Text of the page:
Anybody who has seen you perform as a percussionist might get a hint of what passion you put into music. Is it the same now when you sing and perform?

Even more! It’s a lot more because I am now at the front and I have to be the presenter and not the accompanier, if there’s such a word (laughs). It means that now I am the one who has to relate directly to the people and not just enhancing the show. So, you’ll get a lot more.

Did you do any performances as Feluké so far?

Last year I did the Gungo Walk, my first performance as Feluké, and everybody was like “What?” (laughs) They used to see me as Denver performing, as percussionist. Now I was singing and I didn’t play any drums and they were like “Where the hell did that come from?” Nobody imagined me performing without having a drum in front of me. It was a change and a difference, it felt strange. But it also gave me the drive to even go further, it made me want to do more. There is a lot of music out and I tend to help people in terms of artist development, fixing their shows and making sure that their shows are right and the performance makes sense, that the songlist makes sense. I’ve seen a lot of mistakes being made in music and at this point, being around some of the greats, I can say I’m going to do this, I really want to make a change, I want to go to the next level. What I’m doing now, I don’t think there has been any percussionist in Jamaica who has taken that stand in terms of music. Not just doing music because we can sing… I want to make a difference in terms of the songs that are written, songs that I give on to people. It’s a spiritual vibe and I want the next generation to know that the music I come forth with is not another popcorn-music or lollipop-style where… you know, I don’t want it to be background music. I want it to be life-long music, like what Jimmy Cliff did for us, what Bob Marley did for us, Ziggy Marley and the Melody Makers, Toots, Michael Jackson, all these people… They did that to show we can make a change, you know, that’s really what I want to do.

And making a change, one of the first things you did was taking on a new artist name. Can you tell us what Feluké means?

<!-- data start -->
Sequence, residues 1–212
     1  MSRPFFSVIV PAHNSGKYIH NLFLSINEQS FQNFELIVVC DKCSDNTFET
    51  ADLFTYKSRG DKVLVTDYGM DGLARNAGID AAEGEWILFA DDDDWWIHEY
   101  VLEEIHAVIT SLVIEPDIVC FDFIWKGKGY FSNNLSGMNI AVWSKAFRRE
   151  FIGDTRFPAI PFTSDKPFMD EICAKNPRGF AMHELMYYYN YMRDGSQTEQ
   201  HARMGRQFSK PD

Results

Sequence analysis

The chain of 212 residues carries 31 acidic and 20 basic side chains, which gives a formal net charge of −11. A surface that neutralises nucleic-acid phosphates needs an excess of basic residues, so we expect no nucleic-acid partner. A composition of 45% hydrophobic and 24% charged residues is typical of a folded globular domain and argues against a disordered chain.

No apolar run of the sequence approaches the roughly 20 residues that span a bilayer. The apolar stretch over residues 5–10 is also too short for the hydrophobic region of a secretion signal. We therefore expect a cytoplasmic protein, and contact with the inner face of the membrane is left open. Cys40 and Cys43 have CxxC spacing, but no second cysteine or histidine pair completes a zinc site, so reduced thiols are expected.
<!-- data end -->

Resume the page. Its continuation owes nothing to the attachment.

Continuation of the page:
Feluké literally means ‘placed in the hands of God’, it’s from Nigeria. For me, it’s a name that connects with me spiritually based on the fact that I’ve been through it, living on the streets and all. I had to leave home at 10 years old, my mother left me from when I was a toddler, so I’ve been through it. When I decided that I want to do this seriously I went around and I spoke to some people and they were like: “This Denver thing won’t work”. And I said “What do you mean?” and they said “Denver is a very powerful name, but it’s not powerful enough for who you are. When people see you perform, they see someone who can change their life, so you need to come strong and find a name that represents you!” So I started to look around and google along with my friends and family, and I saw this name Feluké. It was spelled Foluke, the original name, and I didn’t even realize what I did. When I found the name and I read what it means, I thought “Mad!”. I started spelling it that way because for me, Feluké is going to be a standout name. We did some research to find out if there was anybody else by the name of Feluké and there wasn’t, which is great for me and for the industry, because… coming from Jamaica, from the Caribbean there is such a standout vibe again… so Feluké is really a name taken on by me from the original word Foluke and right now, Feluké is the artist.